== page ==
To celebrate World Breastfeeding Week (1-7 August) this year, we met with different parents who shared their stories of breastfeeding and breastfeeding difficulties in the hope that they could support other people with their own breastfeeding journeys. The challenges and difficulties that each of these families faced were unique to their own situation, but it was clear that for all of them, the right support from healthcare providers, family and friends was the key to overcoming those challenges.
We acknowledge and understand that some parents may experience more breastfeeding challenges than others. We also recognise LGBTQIA+ families have valuable experiences with human milk feeding in all its forms.
“Every drop of breastmilk is gold,” an obstetrician once told Hana.
Hana lost confidence in her ability to breastfeed after a traumatic breastfeeding experience with her first child. However, she felt supported by the nurses in the hospital to keep trying, especially when she was given help with latching of her baby.
“The kind of tiny details shown to me by the nurse when I was holding the baby were so helpful,” says Hana.
While in the hospital after giving birth to her second child, Hana was able to get this support straight away, which increased her confidence. Hana found being afforded extra time in hospital to concentrate solely on feeding her baby most helpful.
Hana said when she is feeding her son and he smiles at her, she feels happy.
Early on in her pregnancy, Emily wanted to learn as much about breastfeeding as she could. Her partner was keen to learn too, as they both knew how important it was that he also understood. They attended classes well before their baby was due, where they were able to learn all about how to make breastfeeding work. When their baby arrived, Emily felt informed and empowered.
However, even with all her new knowledge, Emily didn’t always find it easy. When she did experience difficulties, she was able to lean on her family and the Australian Breastfeeding Association support helpline (1800 686 268) for help.
“I was able to talk to someone and tell them exactly what was going on. It was a therapy mixed with some practical advice about things I could do.”
Cultural expectations around modesty meant that Deepmala had to overcome more than learning how to breastfeed. As well as difficulty with latching and nipple pain, she had to advocate for herself and explain to her community that she felt comfortable breastfeeding in front of family and relatives.
“Because in our culture we don’t breastfeed in front of people, in front of anybody especially the males of extended families and community.”
Deepmala stood strong and breastfed in the places she was comfortable. She felt very supported by her workplace to express milk at work and work flexibly around the needs of her baby. Having this support made this time much easier!
Alice felt overwhelmed with different advice when she was experiencing breastfeeding difficulties. It made her feel like quitting. But after being referred to the City of Maribyrnong drop-in breastfeeding service, she says her journey changed.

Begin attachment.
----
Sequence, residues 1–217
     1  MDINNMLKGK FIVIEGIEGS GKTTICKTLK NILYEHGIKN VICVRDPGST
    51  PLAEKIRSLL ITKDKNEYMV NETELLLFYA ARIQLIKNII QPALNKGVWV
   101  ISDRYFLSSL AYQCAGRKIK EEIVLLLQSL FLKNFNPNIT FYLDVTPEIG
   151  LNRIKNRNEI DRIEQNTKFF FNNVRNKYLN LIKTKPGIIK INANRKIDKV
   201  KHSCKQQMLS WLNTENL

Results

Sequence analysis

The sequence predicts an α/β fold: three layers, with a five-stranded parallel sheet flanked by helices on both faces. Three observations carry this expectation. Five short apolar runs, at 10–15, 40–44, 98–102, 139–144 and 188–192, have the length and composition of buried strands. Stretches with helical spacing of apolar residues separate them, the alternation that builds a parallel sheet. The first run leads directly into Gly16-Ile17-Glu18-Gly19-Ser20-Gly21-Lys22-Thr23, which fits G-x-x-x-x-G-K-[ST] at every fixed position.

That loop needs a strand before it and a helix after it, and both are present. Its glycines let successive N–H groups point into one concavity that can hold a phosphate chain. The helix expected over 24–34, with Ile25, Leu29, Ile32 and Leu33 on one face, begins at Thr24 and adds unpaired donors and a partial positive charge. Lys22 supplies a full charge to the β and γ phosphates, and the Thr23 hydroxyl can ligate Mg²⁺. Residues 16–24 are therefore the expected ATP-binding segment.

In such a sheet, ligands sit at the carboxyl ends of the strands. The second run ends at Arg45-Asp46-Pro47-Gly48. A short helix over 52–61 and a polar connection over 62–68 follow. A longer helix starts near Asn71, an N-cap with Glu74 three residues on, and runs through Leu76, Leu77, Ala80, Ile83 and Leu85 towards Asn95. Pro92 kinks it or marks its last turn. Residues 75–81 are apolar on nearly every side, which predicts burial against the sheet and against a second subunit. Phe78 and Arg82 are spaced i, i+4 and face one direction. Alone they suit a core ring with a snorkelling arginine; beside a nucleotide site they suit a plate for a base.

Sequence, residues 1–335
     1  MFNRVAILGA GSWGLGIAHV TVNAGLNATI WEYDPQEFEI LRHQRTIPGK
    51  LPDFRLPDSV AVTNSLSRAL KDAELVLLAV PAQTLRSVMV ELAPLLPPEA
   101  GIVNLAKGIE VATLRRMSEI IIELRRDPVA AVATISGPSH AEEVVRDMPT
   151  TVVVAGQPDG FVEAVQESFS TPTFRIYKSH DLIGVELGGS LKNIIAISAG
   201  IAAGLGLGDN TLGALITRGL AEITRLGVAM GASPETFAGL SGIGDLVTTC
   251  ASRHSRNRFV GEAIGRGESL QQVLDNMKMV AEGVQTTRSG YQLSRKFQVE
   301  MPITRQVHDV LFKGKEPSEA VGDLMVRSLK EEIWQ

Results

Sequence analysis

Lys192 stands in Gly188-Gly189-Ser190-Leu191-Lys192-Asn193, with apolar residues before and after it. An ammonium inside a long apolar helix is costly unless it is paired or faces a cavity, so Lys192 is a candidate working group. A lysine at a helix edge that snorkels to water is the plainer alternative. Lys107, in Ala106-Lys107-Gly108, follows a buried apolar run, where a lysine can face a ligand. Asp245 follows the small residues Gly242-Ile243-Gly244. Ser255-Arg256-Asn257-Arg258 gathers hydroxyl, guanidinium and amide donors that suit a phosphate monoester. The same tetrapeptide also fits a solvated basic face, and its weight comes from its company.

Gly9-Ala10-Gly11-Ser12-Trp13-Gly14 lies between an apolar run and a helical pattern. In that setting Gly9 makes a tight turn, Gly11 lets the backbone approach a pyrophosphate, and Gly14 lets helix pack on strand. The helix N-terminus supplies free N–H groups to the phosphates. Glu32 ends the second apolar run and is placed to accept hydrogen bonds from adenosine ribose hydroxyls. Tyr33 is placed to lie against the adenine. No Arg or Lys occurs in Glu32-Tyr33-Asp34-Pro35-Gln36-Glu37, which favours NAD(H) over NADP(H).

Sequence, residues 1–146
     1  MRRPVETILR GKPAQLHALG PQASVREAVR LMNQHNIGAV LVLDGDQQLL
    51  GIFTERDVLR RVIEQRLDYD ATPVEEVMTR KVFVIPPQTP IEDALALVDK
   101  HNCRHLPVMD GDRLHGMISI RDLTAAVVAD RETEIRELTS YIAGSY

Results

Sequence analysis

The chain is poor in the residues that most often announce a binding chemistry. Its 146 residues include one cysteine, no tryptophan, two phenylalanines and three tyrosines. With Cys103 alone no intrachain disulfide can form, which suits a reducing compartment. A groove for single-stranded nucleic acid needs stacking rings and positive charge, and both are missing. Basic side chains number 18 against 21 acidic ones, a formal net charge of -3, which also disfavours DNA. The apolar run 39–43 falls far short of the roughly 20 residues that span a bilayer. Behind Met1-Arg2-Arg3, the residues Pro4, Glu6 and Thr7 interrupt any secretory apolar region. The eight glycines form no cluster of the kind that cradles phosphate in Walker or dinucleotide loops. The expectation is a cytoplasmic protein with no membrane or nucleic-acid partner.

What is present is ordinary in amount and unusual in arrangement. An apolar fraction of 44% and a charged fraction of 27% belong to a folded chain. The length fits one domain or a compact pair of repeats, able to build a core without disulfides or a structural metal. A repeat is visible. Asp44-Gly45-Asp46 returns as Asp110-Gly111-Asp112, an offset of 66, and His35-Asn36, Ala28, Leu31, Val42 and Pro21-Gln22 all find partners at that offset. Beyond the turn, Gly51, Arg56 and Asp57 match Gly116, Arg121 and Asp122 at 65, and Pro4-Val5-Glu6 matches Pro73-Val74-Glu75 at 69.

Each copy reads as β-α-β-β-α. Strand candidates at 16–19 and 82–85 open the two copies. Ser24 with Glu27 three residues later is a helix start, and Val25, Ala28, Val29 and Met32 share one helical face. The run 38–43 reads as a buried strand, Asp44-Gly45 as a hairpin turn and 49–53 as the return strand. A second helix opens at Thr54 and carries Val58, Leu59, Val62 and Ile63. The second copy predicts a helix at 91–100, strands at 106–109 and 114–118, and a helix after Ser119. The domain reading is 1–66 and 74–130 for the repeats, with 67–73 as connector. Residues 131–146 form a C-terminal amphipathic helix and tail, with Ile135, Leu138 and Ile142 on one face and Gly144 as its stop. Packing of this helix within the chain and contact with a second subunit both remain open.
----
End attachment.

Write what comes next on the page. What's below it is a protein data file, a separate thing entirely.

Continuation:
“Hands down, I don’t think I would have continued feeding without that resource.”
At the breastfeeding drop-in service, Alice received practical advice in latching techniques. It was through a conversation with a Maternal and Child Health Nurse that she came to realise what a journey breastfeeding can be.
“You have to be patient, you have to be persistent, and you have to persevere because it doesn’t come naturally to everyone.”
With her family living in Indonesia, Nikita’s lifelines for breastfeeding support were the midwives in the hospital and a lactation consultant. She experienced lots of swelling and pain after the birth of her daughter, but she was shown how to breastfeed lying down, which made things much better for her.
“My maternal child health nurse, she is my rock, because I was really struggling.”
Nikita was also able to make friends through a local parents’ group. Not only was the social connection great, but she also learned about how every baby is different and has their own unique needs.
“She was born so tiny and when I look at her now, she’s thriving, she’s growing, she’s happy, she’s healthy.”
When Rosie was pregnant with her daughter, she wanted to learn as much as she could about breastfeeding. She used social media and the Australian Breastfeeding Association website – to hear about others’ experiences and get informed. Informing herself this way meant Rosie was empowered when she gave birth to her daughter.
One of the things that Rosie struggled with was cultural expectations from her community about breastfeeding. She had to overcome beliefs and misconceptions that “if breastmilk couldn’t grow a big baby, it is not good as formula”. This only made her more determined!
“How can milk from me not be nutritious enough?”
Marie thinks it’s good to talk about breastfeeding challenges because they are normal!
Marie experienced sore nipples, bleeding, mastitis, and other challenges during her breastfeeding journey.
The things that helped her to overcome these challenges included:
“I realised that whenever I had an issue or pain or discomfort, with the right support it was quite short-lived.”
We encourage all families to reach out for support with breastfeeding. You can get support through your local Maternal and Child Health Centre or through some of the resources listed below.
Breastfeeding support resources
The photographs in this story were taken by Jody Haines. Find out more about Jody and her work on her website https://www.jodyhainesphotography.com/